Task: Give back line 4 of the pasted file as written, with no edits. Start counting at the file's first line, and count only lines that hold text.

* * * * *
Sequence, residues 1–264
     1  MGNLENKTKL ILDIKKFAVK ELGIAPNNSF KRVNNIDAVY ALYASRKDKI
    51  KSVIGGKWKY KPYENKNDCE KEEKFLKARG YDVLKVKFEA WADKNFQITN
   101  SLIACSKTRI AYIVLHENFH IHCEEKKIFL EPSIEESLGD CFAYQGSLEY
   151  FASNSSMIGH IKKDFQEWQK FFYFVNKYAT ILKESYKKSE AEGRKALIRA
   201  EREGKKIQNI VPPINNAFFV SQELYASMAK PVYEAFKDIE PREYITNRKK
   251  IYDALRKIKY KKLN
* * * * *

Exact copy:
   101  SLIACSKTRI AYIVLHENFH IHCEEKKIFL EPSIEESLGD CFAYQGSLEY